CW: It’s hard to measure, but yes, I think we are making progress. We’ve seen progress in that there are areas protected that if the Madagascar Fauna Group had not been working there would almost certainly be gone, because the Madagascar National Park Service has had some difficulty protecting some areas. In [19]89, people really didn’t have an idea about the importance of protecting their environment, wisely managing their environment and that mentality has very much changed there now since we’ve started. And there are a lot more Malagasy nationals working in conservation now. I’m not saying it’s just due to what we were doing—there are a lot of conservation organizations working in Madagascar, so it brings a higher profile to conservation.

TC: It sounds like your work to conserve lemurs really boils down to working with people.

CW: By the time we left [Ivoloina], our work was probably 95 percent people work. People have these visions that we worked out in the forest all the time with lemurs jumping through the trees, but we worked with students, teachers, farmers and government officials at all levels…. The major threat to lemurs is man, the destruction of habitat, so it brings you back to working with people and in the end it’s their country so you have to convince them of the importance of conservation, that it’s an important thing to do or in the long run things will revert. We’ve seen projects come in and try to do too much in too short a period of time with no follow-up, and when the international organization pulls out [the situation] just goes back to the way it was, it just collapses. It really needs a long-term investment.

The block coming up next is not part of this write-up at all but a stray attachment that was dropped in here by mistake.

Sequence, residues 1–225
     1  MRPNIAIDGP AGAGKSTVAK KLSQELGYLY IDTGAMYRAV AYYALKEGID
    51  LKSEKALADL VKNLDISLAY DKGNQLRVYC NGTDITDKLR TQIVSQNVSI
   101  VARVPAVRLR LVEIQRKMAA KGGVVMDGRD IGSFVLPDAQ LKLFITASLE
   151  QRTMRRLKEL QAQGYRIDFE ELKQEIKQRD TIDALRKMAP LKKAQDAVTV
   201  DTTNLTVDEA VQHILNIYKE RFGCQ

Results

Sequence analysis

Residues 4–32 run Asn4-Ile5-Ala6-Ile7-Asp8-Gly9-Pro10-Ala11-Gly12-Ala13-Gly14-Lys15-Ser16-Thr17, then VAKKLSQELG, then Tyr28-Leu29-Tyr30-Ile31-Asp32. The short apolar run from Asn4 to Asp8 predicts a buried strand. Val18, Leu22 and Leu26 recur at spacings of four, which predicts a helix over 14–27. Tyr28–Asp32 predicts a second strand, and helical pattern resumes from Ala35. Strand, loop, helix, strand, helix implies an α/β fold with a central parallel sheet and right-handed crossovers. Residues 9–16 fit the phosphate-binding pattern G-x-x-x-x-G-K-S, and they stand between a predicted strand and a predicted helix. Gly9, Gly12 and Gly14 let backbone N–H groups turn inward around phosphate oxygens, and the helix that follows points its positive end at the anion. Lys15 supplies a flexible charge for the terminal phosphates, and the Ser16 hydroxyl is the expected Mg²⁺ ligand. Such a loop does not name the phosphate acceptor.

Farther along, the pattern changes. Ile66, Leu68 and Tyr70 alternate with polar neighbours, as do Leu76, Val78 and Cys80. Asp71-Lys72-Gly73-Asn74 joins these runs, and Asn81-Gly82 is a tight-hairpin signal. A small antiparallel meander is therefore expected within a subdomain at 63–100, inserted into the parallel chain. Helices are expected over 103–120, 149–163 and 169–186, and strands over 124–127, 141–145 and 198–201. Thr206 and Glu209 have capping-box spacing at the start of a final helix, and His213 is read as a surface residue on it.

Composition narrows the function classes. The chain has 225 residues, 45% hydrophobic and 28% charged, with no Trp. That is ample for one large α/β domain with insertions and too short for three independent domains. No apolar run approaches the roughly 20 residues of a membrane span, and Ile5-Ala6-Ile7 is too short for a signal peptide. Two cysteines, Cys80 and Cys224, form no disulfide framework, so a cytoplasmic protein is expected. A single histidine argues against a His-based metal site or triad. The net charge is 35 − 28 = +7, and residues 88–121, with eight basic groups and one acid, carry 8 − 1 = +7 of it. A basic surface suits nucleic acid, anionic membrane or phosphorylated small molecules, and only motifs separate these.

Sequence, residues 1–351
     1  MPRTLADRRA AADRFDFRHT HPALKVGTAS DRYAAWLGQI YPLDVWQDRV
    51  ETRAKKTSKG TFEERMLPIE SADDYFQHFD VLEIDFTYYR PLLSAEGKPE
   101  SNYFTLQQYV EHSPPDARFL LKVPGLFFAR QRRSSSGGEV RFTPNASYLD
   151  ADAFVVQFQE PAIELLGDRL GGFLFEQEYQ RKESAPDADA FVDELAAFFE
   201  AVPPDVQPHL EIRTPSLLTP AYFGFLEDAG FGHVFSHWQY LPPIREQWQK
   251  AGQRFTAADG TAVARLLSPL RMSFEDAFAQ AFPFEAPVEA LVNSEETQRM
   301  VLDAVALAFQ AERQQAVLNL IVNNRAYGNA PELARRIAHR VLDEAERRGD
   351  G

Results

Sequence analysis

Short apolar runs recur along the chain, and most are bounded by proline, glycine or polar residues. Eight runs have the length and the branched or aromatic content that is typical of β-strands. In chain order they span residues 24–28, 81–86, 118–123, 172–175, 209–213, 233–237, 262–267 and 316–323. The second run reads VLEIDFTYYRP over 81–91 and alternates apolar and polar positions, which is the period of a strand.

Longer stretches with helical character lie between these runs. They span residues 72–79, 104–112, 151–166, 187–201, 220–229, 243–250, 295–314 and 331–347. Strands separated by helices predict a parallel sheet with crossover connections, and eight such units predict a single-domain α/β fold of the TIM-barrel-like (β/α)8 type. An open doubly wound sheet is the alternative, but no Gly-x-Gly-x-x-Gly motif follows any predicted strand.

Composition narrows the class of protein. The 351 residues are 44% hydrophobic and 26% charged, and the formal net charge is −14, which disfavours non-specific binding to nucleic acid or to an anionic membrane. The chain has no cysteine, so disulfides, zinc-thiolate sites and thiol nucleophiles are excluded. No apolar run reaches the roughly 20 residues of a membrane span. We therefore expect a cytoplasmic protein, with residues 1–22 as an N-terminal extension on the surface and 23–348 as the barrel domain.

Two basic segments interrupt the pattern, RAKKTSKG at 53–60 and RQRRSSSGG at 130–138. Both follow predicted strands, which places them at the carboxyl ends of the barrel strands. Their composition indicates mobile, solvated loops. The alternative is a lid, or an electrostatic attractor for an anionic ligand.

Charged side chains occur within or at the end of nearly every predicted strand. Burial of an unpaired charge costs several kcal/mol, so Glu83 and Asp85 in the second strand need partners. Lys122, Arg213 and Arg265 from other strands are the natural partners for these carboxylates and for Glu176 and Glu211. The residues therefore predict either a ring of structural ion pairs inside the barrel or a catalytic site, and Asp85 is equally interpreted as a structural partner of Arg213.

TC: How do you stay motivated?

CW: You just have to keep telling yourself that you are making a difference and when you are working there you get these small “aha” moments that make it all worth it. But there’s nothing more depressing than when the slash and burn season rolls around and the air is full of smoke, and it moves across the country to areas where there is no burning. You have to be committed to taking it on long-term, to being patient and not expecting quick and immediate results.